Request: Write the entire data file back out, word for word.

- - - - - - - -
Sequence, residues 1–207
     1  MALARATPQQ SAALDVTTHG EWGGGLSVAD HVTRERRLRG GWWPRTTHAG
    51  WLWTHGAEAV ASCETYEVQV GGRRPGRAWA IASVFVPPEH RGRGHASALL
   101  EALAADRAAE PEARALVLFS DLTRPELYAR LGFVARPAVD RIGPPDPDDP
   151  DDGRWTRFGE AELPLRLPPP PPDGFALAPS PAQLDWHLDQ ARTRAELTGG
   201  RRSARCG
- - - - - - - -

Sequence, residues 1–207
     1  MALARATPQQ SAALDVTTHG EWGGGLSVAD HVTRERRLRG GWWPRTTHAG
    51  WLWTHGAEAV ASCETYEVQV GGRRPGRAWA IASVFVPPEH RGRGHASALL
   101  EALAADRAAE PEARALVLFS DLTRPELYAR LGFVARPAVD RIGPPDPDDP
   151  DDGRWTRFGE AELPLRLPPP PPDGFALAPS PAQLDWHLDQ ARTRAELTGG
   201  RRSARCG